“How do you go back to the beginning?
Short stories are the best,
It’s always one step behind me,
The fools in the hall.
When your life has already flown?
Our life, a wheel within a wheel.”
– Shadow The Poet aka James Laurie
I recently undertook a course on learning Object Oriented Programming using Python. This is one of the many useful little courses provided by universities and hosted by the FutureLearn website which I occasionally frequent. I wrote about their Song Writing course featuring Martin Simpson a little while ago.
I spent a period of my life writing software using Borland Delphi, so I am familiar with Object Oriented Programming, or OOP as it is known using its TLA. My interest in this course was to get stuck into a language that is relevant to the hobbyist / creative and as pervasive as BASIC used to be back in the good old days of home computing. Python is built in to Linux, so features on many Raspberry Pi’s, and also is therefore MacOS and so fits the bill straight off. What also piqued my interest was that the course would teach using Python by using it to write a text-based adventure game, something I misspent an early part of my youth playing.
As I followed the course I had an idea of using what I had learnt so far to write a ‘Found Poem Generator’. Rather than creating dungeon rooms and items as Objects, I would create lines of a poem. These lines could then have attributes attached to them such as word count and syllable count, perhaps even metre or some other attribute. Once I had collected my lines, counted the words and syllables and fed them into the program I would then be able to generate poems. The results could then be edited and new poems would come into being.
I felt there was precedent for this firstly as I sometimes do this anyway by looking at my book of fragments and pulling various lines out to create a new poem. Valerie Laws did something similar in 2002, although more organic than technological, by writing her lines on sheep and using the random wanderings and grouping of the sheep to create new poems.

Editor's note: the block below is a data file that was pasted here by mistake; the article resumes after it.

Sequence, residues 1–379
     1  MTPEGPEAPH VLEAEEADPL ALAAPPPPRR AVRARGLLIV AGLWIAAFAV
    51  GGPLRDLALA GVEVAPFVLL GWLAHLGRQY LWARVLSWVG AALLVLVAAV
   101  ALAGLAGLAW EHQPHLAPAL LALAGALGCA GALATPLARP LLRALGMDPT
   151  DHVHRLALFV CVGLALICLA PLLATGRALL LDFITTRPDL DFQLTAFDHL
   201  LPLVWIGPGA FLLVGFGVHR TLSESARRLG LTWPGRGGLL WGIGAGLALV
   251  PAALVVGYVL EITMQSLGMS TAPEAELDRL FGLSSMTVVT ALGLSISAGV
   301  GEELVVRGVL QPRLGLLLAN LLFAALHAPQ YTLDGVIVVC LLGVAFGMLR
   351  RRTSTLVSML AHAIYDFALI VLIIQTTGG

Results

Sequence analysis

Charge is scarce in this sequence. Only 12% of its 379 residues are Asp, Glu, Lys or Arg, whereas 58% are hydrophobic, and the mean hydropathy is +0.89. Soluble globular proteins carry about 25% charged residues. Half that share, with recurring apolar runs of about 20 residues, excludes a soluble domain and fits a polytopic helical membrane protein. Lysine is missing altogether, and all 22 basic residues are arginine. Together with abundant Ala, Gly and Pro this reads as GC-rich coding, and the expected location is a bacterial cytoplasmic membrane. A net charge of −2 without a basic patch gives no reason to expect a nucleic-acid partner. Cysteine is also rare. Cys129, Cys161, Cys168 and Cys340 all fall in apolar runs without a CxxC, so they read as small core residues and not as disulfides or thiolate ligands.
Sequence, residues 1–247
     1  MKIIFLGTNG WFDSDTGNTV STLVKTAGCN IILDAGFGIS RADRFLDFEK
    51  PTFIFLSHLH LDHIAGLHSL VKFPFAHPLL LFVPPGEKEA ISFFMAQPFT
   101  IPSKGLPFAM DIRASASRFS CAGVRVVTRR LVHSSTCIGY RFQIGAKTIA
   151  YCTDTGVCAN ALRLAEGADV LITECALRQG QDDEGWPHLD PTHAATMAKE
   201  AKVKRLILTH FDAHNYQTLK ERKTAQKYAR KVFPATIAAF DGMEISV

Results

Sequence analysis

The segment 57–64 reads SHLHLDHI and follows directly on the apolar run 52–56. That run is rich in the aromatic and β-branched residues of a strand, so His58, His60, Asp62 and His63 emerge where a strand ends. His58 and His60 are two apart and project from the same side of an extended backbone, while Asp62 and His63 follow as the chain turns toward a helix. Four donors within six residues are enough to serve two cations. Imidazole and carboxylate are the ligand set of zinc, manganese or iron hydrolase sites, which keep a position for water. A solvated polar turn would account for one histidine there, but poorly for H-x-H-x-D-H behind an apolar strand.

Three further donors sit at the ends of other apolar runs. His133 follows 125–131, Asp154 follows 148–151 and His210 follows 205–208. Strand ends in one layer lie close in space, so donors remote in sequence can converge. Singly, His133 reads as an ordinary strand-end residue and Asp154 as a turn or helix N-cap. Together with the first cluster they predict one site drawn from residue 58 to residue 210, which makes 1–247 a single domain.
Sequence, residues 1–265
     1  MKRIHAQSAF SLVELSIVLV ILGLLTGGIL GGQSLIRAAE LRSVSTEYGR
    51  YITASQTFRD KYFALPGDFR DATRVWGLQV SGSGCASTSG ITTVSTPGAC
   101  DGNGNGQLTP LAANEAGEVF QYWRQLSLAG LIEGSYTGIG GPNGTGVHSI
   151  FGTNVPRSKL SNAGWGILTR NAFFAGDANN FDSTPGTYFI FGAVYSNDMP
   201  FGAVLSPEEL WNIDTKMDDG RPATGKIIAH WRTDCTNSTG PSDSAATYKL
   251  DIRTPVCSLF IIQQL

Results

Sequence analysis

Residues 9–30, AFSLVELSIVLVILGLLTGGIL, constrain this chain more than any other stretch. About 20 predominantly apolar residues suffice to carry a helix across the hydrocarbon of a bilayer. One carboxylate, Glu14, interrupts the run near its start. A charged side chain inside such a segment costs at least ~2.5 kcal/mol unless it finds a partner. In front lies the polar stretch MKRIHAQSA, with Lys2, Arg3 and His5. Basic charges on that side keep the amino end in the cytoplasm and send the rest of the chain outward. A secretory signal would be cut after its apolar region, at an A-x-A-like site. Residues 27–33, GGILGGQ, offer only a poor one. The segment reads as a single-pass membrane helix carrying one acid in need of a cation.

Warm drift, graze gentle, White below the sky, Soft sheep, mirrors, Snow clouds.
– Valerie Law’s Sheep
At the moment the program can create a random poem based on my found lines which stored in one of its files. The command ‘poem’ followed by a number will cause it to generate a poem of that many random lines. I also store the number of words in the line and the number of syllables too as my next update will be to start incorporating standard poem forms into it. Haiku’s and other syllabic forms will probably be first.
The found lines are currently hardcoded into the program, as I still haven’t found out how to read data from a text file or spreadsheet yet using Python. In order to simplify things for myself I created a spreadsheet that I can use to hold my found lines. It has some text manipulation formulas in it that convert the lines I enter into the correct format for copying and pasting into the program file.
I have uploaded all this into a Dropbox folder here if you fancy a play with it (or use the links at the bottom of the page to jump to the latest iteration of the program), if you wouldn’t have a clue what to do with them then have a look at the FutureLearn course I did or look out for a future blog where I’ll try to explain.
“When your life has already flown?
Our life, a wheel within a wheel
The fools in the hall
The wind blows in gusts
Looking for that way home”
– Shadow The Poet aka James Laurie
More posts in this series:
–> This one –>Python ‘Found Poem’ Generator – Part 1 – Introduction
Python ‘Found Poem’ Generator – Part 2 – Adding Haikus
Python ‘Found Poem’ Generator – Part 3 – The Next Level
Python ‘Found Poem’ Generator – Part 4 – Outputting Text To A Graphical Screen
Python ‘Found Poem’ Generator – Part 5 – User Interaction – Adding Buttons
Python ‘Found Poem’ Generator – Part 6 – Loading Data From A File
Python ‘Found Poem’ Generator – Part 7 – Counting Syllables and Words
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